This project deals with systems design, recognizing the growing systems as the next frontier of design. The aim of this project is to design for meaningful interaction in this systems context. In many ways this boils down to getting grip on the openness of the systems, and thus their unpredictability, that is implied by their growth. It offers two scenarios: (1) sharing product behavior, a group scenario meant for B1/B2, (2) meaningful growth, an individual scenario meant for B3.2, M1.1, M1.2.
Main competency development targeted in:
IC; IT; UFP; FS.
B1; B2; B3.2; M1.1; M1.2.
Joep Frens, Jun Hu, Bart Hengeveld, Mathias Funk, Maurits de Koning
This OoC project deals with systems design, which we perceive as the new frontier of design . Where design has always favored a ‘one person – one product’ pattern, systems design breaks this pattern by introducing many, distributed (interactive) products, or ‘nodes’, that are connected to each other through informational ties. In our view theses systems are woven into the social fabric of our lives; they comprise of artefactual nodes (both of physical and digital nature) and human nodes. Following this, a system is both a technological and a social construct following the rules and mores of both. Comparing systems with the interactive products of before we identify that an interesting aspect of systems is that they can grow and are therefore open: the functionality of a system is an emergent resultant of the configuration of a system in terms of artefactual and human nodes. In a system new people and new nodes can join, thereby altering the structure of the system. This means that the ‘functionality’ of a system changes as well, as it is, at least partly, dependent on the configuration of the system. Adding to this a system will not be static in time, new nodes will be added, and as always, these new nodes will offer new and unforeseen functionality.
Naturally this has consequences for the design process. The process of designing for systems is experiential and takes both a first person perspective and a third person perspective . Also hybrid approaches can be considered .
Design challenges or research questions
Sharing Product Behavior (B1, B2)
A next generation of ambient intelligent lamp fixtures is proposed that not only give light in different colors, but can also obtain a custom light behavior . That means that the lamp can for example react to external stimuli or project specific light patterns on predetermined times of the day. Think of the Philips Living Colors lamp or Hue system, but much more advanced. A web-enabled service/community is built around this lamp, and in this community 'behaviors' for this lamp are exchanged. These behaviors are created on the lamp and are also accessed through the lamp (in other words, the lamp acts as a two-way exchange platform, it knows no external remote or app). The design challenge in this track is to design this lamp and its behavior that offers meaningful interaction . You will be working in a group where it concerns the system, but each student also has to design and make his own lamp. These lamps need to be functional and act as a system together to a level that: (1) They are capable of expressing a certain behavior, (2) They can learn certain behavior, and (3) They can accept behaviors from other lamps.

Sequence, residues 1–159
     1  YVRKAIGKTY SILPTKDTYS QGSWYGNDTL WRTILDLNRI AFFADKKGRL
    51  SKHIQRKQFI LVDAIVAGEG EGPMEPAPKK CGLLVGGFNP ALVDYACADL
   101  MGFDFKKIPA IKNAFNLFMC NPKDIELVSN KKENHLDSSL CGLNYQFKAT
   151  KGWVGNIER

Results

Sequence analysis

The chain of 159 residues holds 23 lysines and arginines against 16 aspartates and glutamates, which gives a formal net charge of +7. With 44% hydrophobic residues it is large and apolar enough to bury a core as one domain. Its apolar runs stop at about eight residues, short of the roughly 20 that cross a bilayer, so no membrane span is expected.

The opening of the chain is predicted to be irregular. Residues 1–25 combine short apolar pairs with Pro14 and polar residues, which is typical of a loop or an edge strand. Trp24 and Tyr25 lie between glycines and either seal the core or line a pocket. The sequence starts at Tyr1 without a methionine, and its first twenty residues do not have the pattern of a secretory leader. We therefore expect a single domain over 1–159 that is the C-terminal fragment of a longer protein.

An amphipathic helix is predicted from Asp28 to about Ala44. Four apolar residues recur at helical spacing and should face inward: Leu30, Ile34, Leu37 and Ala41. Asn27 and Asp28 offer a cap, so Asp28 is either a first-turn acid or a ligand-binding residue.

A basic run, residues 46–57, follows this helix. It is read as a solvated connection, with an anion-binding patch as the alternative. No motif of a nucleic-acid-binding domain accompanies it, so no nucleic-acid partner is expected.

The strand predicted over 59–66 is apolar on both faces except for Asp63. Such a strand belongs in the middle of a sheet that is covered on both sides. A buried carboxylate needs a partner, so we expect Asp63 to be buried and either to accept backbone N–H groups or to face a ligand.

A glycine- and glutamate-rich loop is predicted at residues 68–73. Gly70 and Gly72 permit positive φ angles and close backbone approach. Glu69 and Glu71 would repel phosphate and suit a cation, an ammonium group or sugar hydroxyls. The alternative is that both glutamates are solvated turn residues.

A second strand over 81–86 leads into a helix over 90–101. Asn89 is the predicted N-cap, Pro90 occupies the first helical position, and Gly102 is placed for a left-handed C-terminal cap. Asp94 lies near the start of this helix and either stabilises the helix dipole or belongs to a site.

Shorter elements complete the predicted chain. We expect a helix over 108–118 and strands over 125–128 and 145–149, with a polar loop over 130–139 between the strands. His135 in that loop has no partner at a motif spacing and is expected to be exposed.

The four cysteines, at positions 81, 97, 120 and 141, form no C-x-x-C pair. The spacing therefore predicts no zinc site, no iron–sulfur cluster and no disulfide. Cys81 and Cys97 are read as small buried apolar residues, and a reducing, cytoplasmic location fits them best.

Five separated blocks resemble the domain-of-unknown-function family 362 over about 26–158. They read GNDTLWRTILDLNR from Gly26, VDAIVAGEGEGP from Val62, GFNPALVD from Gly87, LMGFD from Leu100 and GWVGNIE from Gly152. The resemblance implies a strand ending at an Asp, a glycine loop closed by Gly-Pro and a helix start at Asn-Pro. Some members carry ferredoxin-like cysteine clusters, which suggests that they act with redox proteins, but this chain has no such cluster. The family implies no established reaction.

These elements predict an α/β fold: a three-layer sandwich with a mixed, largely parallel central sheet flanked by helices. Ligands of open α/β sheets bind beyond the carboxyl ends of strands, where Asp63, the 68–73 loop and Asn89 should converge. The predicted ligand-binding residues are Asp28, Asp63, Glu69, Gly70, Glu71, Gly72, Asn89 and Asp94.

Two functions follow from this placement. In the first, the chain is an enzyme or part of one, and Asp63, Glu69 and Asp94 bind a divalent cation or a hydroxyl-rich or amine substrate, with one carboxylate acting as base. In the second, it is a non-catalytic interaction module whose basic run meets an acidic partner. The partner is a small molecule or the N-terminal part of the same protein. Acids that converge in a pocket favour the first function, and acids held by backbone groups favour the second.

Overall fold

Meaningful growth (B.32, M1.1, M1.2)
Imagine the case of a media center offering for example distributed audio and video functionality . This media center is computer based and hidden from sight. As such it has the potential to grow in functionality by adding components. What is more adding components potentially enhances the functionality of the components that were already there (emergent functionality). To give an example, if a media center with a TV tuner is equipped with a hard disk it is not only possible to record and store a television program but it is also possible to do time-shifting: the functionality of storing information has modified the functionality of watching TV.
Therefore the challenge is to design a ‘locus of interaction’ (a remote control) for this growing media center that offers meaningful interaction but that has the ability to grow and to be as dynamic and open as the system it controls. Use the principles from the framework of rich interaction  as the basis for this, menu structures and such need to be avoided. Nb. If this project is taken as M1.2 project the challenge will be customized in cooperation with Joep Frens.
 Frens, J.W., Overbeeke, C.J. (2009). Setting the stage for the design of highly interactive systems. In: Proceedings of International Association of Societies of Design Research, Seoul, Korea, pp. 1–10.
 Frens, J.W., Tomico Plasencia, O. & Zimmerman, J. (2012). Designing for social systems: experiential approaches. In T. Jachna, Y.Y. Lam & S Tzvetanova Yung (Eds.), Proceedings of DesignEd Asia Conference, 4-5 Dec 2012. (pp. 344-358). Hong Kong: DesignEd Asia Conference Secretariat.
 Frens, J.W. (2006) Designing for Rich Interaction: Integrating Form, Interaction, and Function. Eindhoven: Technische Universiteit Eindhoven.
 Hengeveld, B.J. (2011). Designing LinguaBytes : a tangible language learning system for non- or hardly speaking toddlers. Eindhoven: Technische Universiteit Eindhoven.
 Nacsa, J., Barakova, E.I. & Frens, J.W. (2012). Sharing meaning and physical activity through a tangible interactive lighting object. In C.J. Hopper, J.B. Martens & P. Markopoulos (Eds.), Proceedings of DSSIRE'11, October 18-19, 2011, Eindhoven, The Netherlands. (pp. 227-230).
 Tomico, O., Winthagen, V. & Heist, M. v. (2012) Designing for, with or within: 1st, 2nd and 3rd person points of view on designing for systems, Proceedings of NordiCHI 2012, Copenhagen, DK.